The Rise and fall of the Cotton Industry

Britain's supremacy during the 19th century depended to a large extent on a plant grown thousands of miles away - cotton.
In East Lancashire and adjoining parts of Yorkshire and Cheshire where the industry was concentrated, there were some 300 factory towns and villages. The damp climate was ideal, and coal and soft water was plentiful. By 1803 cotton had overtaken wool as Britain's main export and this continued until 1938.

During the 1960's, cheap imports from abroad forced many of the mills to close. Some of these impressive buildings have been found other uses such as small business units, parcel delivery depots and mail order warehouses. Others lie derelict.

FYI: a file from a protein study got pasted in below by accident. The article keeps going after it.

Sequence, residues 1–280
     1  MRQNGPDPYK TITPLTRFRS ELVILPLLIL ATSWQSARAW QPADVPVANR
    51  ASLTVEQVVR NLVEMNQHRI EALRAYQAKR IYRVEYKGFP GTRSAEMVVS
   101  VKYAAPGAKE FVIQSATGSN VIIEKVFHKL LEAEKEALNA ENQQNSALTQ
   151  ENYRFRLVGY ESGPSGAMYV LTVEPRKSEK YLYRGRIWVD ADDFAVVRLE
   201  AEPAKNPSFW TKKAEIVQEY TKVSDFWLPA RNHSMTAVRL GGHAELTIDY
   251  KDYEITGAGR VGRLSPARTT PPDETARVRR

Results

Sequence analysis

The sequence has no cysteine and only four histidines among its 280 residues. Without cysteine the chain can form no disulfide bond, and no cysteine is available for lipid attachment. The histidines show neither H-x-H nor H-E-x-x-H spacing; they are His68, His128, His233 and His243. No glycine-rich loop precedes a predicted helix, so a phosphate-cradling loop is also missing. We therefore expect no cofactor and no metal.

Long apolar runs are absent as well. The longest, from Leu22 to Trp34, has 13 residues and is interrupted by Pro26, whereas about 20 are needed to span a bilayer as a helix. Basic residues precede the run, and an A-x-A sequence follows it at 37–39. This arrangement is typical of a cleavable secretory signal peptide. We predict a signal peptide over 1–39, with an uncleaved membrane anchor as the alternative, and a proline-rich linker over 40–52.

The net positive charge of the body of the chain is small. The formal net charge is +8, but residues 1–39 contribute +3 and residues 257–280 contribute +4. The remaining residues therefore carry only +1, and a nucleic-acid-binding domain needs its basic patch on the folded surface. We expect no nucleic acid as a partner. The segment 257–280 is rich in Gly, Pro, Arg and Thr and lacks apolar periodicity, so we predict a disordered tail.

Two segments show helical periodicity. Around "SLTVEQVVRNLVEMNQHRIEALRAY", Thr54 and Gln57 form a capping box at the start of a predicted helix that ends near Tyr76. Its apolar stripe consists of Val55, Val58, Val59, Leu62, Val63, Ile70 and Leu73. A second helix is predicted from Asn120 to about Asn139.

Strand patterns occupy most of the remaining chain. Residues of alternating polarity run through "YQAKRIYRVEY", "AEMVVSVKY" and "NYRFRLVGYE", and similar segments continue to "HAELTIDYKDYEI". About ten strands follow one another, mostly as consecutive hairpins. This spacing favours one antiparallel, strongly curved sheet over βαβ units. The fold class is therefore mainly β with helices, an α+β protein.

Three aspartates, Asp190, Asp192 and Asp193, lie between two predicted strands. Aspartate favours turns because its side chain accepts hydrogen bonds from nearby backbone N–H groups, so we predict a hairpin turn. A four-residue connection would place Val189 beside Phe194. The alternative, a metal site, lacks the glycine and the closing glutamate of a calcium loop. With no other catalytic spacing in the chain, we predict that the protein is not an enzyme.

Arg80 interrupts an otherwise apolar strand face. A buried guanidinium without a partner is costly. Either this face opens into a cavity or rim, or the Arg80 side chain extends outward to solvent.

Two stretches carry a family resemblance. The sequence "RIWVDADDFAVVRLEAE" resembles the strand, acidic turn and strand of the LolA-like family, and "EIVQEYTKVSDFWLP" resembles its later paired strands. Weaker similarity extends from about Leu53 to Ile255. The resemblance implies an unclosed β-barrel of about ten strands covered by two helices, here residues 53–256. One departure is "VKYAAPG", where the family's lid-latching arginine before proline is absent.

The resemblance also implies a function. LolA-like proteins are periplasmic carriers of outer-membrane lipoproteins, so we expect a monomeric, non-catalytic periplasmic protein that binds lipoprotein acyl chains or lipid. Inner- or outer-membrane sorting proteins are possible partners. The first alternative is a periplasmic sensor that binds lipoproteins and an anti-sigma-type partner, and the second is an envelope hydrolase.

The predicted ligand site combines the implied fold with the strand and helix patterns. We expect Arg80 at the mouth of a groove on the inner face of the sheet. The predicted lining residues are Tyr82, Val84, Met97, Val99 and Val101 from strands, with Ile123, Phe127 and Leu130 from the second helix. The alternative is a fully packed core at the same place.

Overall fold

The Metro
Frequent links to Manchester and Rochdale make Oldham a convenient place to live.

The Museum of Science and Industry

One of the few places where you can see demonstations of the giant spinning machines.

Britannia and Bacup
Every Easter saturday, the Britannia Coconuts black up and dance round the streets of Britannia and Bacup - an old tradition with it's roots in the coal mining days.

The Spa Mill was originally a wool spinning mill, but like many others was converted to more lucrative cotton spinning around 1860. ​

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April 2017